• Some music promoters would not pay the musicians who did gigs for them. Ragtime Billy Tucker was one of them; he owed money to many, many musicians in Los Angeles—maybe all of them. Two musicians he owed money to were Joe Darensbourg and Gus DeLuce, who played a gig for him from which Mr. Tucker disappeared without paying them. About six months later, the two musicians found out that Mr. Tucker was playing a wild man at the Circus Museum. He wore a wig, chains, and a leopard skin, he had a long beard, and he was in a locked cage that had straw on the floor. Mr. Darensbourg and Mr. DeLuce asked him for their money, but Mr. Tucker pretended not to know them, so Mr. DeLuce said, “Billy, you won’t talk to us, so we’re gonna fix you.” He lit a match and prepared to set the dry straw on fire. Mr. Tucker said, “You dirty bastards, you gonna set a man on fire for 25 dollars apiece?” Mr. DeLuce said, “Yes.” Mr. Tucker then yelled for help. The promoter ran to the cage, and Mr. Tucker said, “You give these people their money before they set fire to this damn hay. I owe them 25 dollars each.” Mr. Darensbourg and Mr. DeLuce were among the few musicians who got the money that Mr. Tucker owed them.
• Ken Chenault is the Chair and CEO of American Express, and his father is a problem-solver. His father, Dr. Hortenius Chenault, is also a dentist, and in 1939 he made the highest score ever recorded when he passed the New York State dental licensing exam. He wanted to join the United States Army Dental Corps to help during World War II, but he was black, the U.S. Army was segregated, and he was not allowed to join the U.S. Army Dental Corps. Dr. Hortenius told his children much later, “No one was going to tell me what I could do.” As a problem-solver, he did some research and he did some thinking and he learned French. He then joined the Allied Forces Dental Society, which was based in Europe and was not segregated. Ken says that he learned much from his father, lessons that he passes on to others: “As my father taught me, work hard, don’t ever let anyone stop you or keep you down, focus on what you can control, and you can accomplish an extraordinary amount.”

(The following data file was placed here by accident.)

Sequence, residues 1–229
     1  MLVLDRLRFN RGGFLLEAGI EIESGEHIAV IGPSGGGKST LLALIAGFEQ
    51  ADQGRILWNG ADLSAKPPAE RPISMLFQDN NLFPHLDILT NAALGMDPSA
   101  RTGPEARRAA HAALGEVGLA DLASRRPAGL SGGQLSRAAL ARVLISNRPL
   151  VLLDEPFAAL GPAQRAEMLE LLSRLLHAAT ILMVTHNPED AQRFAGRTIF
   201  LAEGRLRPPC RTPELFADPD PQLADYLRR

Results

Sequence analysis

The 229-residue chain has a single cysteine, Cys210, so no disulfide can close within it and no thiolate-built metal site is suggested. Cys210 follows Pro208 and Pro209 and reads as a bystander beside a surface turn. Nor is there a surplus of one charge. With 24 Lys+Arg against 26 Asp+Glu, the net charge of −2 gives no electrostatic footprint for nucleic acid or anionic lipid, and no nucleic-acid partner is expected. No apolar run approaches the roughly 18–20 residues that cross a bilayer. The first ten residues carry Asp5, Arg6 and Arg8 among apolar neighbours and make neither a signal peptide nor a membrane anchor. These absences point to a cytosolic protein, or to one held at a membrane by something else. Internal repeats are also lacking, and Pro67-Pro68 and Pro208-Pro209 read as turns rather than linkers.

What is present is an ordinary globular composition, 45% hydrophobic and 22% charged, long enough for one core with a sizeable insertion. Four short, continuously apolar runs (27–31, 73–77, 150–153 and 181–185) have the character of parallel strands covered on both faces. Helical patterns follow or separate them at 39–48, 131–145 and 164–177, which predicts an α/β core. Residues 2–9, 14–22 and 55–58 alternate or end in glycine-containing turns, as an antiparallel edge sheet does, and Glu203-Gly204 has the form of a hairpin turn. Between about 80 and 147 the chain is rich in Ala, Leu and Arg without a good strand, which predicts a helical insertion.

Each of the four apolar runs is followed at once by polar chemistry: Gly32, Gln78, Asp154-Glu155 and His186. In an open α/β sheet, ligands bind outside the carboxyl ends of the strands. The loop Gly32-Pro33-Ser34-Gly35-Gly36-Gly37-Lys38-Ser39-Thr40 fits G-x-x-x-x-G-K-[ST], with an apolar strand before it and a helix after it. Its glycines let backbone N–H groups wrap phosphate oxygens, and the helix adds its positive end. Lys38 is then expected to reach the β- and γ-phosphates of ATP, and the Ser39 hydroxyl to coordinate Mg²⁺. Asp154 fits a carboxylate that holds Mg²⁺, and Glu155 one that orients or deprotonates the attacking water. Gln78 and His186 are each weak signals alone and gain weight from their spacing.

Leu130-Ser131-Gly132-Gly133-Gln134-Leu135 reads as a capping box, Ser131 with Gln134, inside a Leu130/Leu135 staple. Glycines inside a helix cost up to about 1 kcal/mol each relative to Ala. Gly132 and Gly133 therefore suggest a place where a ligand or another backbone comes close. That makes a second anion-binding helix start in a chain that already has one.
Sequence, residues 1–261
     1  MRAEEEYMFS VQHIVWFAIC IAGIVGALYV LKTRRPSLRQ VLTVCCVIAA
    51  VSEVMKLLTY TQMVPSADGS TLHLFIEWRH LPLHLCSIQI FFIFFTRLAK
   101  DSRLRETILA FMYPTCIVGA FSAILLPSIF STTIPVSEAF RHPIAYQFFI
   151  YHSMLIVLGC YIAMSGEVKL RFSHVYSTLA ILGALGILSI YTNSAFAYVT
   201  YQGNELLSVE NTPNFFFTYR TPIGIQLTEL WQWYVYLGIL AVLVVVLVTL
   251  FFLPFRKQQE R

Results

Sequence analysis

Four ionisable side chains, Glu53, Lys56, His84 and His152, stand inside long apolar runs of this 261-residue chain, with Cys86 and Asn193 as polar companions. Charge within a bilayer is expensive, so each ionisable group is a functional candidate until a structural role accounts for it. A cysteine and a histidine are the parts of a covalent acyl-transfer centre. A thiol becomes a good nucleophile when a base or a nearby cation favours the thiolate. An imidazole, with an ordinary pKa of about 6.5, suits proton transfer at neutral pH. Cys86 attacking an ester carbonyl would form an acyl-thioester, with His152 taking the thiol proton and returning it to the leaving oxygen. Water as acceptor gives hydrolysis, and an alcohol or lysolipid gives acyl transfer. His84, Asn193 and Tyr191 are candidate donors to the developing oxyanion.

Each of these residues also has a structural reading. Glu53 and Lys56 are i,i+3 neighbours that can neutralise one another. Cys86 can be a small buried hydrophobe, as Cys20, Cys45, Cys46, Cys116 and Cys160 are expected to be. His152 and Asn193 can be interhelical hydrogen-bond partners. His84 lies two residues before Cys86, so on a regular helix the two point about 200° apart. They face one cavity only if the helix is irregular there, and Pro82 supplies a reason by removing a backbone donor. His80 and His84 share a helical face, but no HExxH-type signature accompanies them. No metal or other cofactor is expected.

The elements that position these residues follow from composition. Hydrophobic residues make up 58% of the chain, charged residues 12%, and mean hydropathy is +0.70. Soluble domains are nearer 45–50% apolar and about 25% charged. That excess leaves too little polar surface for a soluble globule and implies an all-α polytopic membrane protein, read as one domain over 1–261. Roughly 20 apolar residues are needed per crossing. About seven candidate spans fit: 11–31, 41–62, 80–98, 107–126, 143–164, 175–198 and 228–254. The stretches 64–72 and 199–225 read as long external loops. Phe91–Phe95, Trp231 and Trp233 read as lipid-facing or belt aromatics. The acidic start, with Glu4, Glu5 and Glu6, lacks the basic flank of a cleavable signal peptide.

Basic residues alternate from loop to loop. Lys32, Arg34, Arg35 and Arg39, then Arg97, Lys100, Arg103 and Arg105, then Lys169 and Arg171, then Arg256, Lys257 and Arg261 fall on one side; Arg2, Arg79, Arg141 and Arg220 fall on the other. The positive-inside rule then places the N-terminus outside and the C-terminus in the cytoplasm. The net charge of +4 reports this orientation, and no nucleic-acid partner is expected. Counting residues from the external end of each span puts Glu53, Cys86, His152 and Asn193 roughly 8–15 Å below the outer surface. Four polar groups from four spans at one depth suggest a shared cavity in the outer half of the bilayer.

• Philippe Rameau helped create the opera Hippolyte et Aricie, which was first performed in Paris in 1733. Audiences loved it; critics did not. Sarah Caldwell wanted to produce the opera in 1966, and she wanted to find the orchestra parts, which she was sure existed, in the Paris Opera, a large part of whose music was not catalogued. She and opera company business manager John Cunningham went to the Paris Opera Library, where they were assured that the music they wanted did not exist. Because Ms. Caldwell was sure that the music existed and was there, Mr. Cunningham romanced with wine and flowers a single lady who worked at the library while Ms. Caldwell looked jealous. Mr. Cunningham got access to the stacks in the library (which were normally closed to members of the general public), and soon he found the music that he and Ms. Caldwell wanted.
• Ralph Bellamy, who was nominated for Best Supporting Actor for his role in 1937’s The Awful Truth, acted for 62 years. On an episode of Man Against Crimeon live TV, a mishap occurred when an actor playing the bad guy left for home early, thinking that he was through for the night. Mr. Bellamy, alone on the TV stage, solved the problem by opening a window and shouting, “I know you’re out there, and I know that you know that I know. You’re surrounded now, and you’re under arrest. And let me tell you how I know you did it.”
• How can an artist survive financially? One way is by trading art for other things. British artist Frank Bowling remembers about his friend the late American pop artist Larry Rivers, “Larry was one of the first artists who was able to trade his art for a Cadillac. He paid his doctors, his psychiatrist, everybody, by giving them art.” This, Mr. Bowling says, is something to be emulated. He calls this form of commerce “marvelous. I ate in a restaurant for years without having to pay—the [owner] got three of my paintings.”
Copyright by Bruce D. Bruce; All Rights Reserved